If you plan on a non-surgical, vaginal birth, you should talk to your doctor about the pros and cons of pain relief. Some women opt for pain medicines and others want to deliver naturally, without medicine. Many women find childbirth classes very helpful, even if they have already had a baby. Women often bring their partners or a friend or relative to childbirth classes, particularly if this person will be with them during the birth of their baby.

Inducing Labor
Did you know that only five percent of babies are born on their due dates? So being pregnant after your due date is normal and common. And it does not mean anything is wrong. But sometimes the doctor has concerns about the baby's and/or your health. In these cases, the doctor recommends inducing labor. Inducing labor means that your doctor will start your labor through artificial means. Most doctors will wait one to two weeks after a woman's due date before considering inducing.

Some reasons why doctors induce labor include:

  • The mother has a chronic illness like high blood pressure or diabetes that threatens the health of the baby.

  • The baby is not growing normally.

  • A woman's "water breaks" which means the membranes that surround the fetus rupture but contractions don't start within a safe amount of time.

Most doctors induce labor in the hospital to ensure the health of the mother and baby. There are many ways to start contractions. Doctors can rupture the membranes (break the water) surrounding the fetus. They can also insert a suppository containing a hormone into the vagina. Most often, doctors use a medicine called Pitocin to induce labor. Pitocin is a hormone that causes contractions. Women in the hospital receive Pitocin through a vein in the arm or hand.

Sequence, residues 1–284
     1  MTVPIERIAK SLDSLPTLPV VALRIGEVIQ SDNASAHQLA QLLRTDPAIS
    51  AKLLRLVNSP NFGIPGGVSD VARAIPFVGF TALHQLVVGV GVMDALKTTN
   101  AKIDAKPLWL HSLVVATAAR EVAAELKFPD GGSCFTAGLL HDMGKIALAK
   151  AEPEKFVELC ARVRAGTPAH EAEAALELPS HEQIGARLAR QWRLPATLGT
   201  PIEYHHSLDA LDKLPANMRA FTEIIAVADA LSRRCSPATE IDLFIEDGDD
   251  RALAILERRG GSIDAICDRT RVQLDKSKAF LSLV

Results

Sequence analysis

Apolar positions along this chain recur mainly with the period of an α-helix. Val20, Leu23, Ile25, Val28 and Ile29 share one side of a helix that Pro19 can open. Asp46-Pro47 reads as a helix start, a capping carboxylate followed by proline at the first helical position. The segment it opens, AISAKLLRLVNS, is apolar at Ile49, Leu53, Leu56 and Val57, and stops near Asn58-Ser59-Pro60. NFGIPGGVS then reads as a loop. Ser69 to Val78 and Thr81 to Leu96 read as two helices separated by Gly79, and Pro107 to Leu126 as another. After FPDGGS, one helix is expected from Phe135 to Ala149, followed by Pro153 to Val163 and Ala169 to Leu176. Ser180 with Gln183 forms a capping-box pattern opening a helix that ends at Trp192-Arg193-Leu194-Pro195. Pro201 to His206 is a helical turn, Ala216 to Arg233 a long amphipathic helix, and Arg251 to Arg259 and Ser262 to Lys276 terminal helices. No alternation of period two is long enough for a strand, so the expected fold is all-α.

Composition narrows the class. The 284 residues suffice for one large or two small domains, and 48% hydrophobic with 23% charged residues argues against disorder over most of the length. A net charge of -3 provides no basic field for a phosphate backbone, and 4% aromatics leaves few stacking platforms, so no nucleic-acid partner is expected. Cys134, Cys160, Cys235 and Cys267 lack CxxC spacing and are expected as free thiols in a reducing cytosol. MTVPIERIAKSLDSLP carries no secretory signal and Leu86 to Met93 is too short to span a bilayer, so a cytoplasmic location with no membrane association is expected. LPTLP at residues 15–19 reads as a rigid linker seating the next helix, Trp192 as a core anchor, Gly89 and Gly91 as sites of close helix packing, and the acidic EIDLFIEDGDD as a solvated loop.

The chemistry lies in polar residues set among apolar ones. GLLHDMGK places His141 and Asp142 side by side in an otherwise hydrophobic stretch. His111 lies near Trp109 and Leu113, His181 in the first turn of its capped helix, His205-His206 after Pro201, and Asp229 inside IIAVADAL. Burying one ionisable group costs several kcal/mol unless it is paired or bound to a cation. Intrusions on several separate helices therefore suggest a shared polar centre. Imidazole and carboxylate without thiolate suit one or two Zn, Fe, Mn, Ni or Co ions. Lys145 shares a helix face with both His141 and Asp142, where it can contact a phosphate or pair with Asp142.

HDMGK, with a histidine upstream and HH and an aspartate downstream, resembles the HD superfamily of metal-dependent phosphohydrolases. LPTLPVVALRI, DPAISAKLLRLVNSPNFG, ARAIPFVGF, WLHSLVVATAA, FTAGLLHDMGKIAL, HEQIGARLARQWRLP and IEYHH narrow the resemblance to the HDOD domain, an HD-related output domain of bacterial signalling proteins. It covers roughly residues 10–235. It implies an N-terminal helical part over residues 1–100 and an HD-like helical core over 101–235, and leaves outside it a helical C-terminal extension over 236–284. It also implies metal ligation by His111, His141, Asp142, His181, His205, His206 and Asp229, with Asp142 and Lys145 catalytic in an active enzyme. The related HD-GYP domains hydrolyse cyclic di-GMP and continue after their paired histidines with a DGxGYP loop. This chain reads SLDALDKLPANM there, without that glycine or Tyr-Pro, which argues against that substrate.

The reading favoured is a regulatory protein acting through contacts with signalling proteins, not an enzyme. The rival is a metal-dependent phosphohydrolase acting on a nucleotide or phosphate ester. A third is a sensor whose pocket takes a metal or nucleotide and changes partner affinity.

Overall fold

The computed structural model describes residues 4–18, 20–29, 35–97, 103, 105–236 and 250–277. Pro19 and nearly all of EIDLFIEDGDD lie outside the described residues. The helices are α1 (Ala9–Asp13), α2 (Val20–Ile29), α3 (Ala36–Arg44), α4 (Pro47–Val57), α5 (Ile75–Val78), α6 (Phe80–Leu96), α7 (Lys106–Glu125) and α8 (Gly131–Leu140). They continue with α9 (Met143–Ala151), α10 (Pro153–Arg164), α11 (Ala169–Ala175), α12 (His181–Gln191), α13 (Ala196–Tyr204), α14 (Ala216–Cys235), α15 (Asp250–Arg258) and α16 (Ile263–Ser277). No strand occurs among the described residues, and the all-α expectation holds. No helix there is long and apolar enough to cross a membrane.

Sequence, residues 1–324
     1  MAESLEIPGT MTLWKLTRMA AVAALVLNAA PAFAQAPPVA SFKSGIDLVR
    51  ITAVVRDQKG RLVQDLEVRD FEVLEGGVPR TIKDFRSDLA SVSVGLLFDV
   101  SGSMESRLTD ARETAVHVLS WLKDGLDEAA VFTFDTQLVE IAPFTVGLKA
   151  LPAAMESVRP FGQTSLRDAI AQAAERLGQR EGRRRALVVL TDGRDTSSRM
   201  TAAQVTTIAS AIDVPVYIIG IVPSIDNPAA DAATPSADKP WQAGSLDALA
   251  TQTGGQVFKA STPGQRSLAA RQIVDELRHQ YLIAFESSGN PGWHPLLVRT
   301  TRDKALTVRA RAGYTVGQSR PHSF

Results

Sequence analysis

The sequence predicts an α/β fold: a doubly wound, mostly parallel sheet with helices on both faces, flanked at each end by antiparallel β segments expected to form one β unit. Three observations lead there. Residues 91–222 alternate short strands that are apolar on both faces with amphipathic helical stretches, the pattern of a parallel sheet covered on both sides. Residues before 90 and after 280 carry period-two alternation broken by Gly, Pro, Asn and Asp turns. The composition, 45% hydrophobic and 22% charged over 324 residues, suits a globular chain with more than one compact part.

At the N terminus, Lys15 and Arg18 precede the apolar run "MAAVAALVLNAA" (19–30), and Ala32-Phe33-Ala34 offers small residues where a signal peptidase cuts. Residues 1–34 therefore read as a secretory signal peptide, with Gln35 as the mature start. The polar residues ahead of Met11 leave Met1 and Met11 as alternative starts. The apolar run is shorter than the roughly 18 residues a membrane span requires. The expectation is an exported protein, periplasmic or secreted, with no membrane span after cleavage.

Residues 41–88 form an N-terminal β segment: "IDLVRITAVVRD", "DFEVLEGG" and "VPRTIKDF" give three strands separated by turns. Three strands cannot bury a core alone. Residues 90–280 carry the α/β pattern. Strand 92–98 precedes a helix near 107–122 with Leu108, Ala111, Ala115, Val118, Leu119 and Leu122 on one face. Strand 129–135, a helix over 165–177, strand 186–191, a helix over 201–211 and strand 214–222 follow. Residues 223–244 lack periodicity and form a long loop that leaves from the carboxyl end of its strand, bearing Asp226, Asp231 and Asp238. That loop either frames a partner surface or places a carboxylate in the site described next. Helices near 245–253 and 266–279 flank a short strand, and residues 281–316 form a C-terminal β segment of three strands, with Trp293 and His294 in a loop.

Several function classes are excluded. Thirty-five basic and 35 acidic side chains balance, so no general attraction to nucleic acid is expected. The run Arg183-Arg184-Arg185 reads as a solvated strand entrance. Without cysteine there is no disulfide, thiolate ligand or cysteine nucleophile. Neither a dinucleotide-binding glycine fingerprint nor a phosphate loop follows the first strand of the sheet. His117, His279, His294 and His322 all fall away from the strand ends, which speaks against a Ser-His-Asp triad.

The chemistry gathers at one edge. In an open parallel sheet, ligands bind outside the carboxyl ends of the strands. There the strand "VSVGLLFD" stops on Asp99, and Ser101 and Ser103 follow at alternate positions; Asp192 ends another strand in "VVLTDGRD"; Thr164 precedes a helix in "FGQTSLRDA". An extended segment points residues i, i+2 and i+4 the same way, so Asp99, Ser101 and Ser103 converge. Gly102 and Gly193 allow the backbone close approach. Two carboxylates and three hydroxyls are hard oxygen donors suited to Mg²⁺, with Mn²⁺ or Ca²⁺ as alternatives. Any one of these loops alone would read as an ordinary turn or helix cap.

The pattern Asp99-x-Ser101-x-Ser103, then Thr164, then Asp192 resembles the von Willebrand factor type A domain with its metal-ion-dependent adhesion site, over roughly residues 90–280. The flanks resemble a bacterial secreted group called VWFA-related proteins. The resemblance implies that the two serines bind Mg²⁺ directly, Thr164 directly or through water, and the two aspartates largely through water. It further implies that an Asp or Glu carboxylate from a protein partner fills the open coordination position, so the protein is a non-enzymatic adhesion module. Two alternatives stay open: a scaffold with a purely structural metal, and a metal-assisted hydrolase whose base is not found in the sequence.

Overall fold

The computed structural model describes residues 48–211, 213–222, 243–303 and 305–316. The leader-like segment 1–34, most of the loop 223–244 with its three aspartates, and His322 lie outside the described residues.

Deciding to Breastfeed or Bottle-Feed
If you haven't thought about whether you will breastfeed or bottle-feed your baby, it is time to start. You should learn more about both options and make a decision about what you plan to do. Breastfeeding is much better than formula-feeding for your baby's health and your own.

Find out all the facts about breastfeeding. Talk to your doctor or a pediatrician about breastfeeding. Then make the decision that is right for you. Visit our breastfeeding center to learn more about the benefits, to find out how to make it work best for you, and to get tips on breastfeeding while working.

When to Call Your Doctor
Before your due date, make sure to talk with your doctor about how to reach him or her if you go into labor. It's also helpful to be familiar with the hospital or birthing center, where you should park, and where to check in ahead of time. Know that sometimes you can think you're in labor, but really are not (called false labor). This happens to many women, so don't feel embarrassed if you go to the hospital certain that you are in labor, only to be sent home! It's always better to be seen by a doctor as soon as possible once labor has begun. Here are the signs of true labor:

Signs of Labor:

  • Contractions at regular and increasingly shorter intervals that also become stronger in intensity.

  • Lower back pain that doesn't go away. You might also feel premenstrual and crampy.

  • Your water breaks (can be a large gush or a continuous trickle) and you have contractions.

  • A bloody (brownish or blood-tinged) mucous discharge. This is the mucous plug that blocks the cervix. Labor could be at any time, or days away.

  • Your cervix is dilating (opening up) and becoming thinner and softer (also called effacement). During a pelvic exam, your doctor will be able to tell if these things are happening.

Source: The National Women's Health Information Center
U.S. Department of Health and Human Services
Office on Women's Health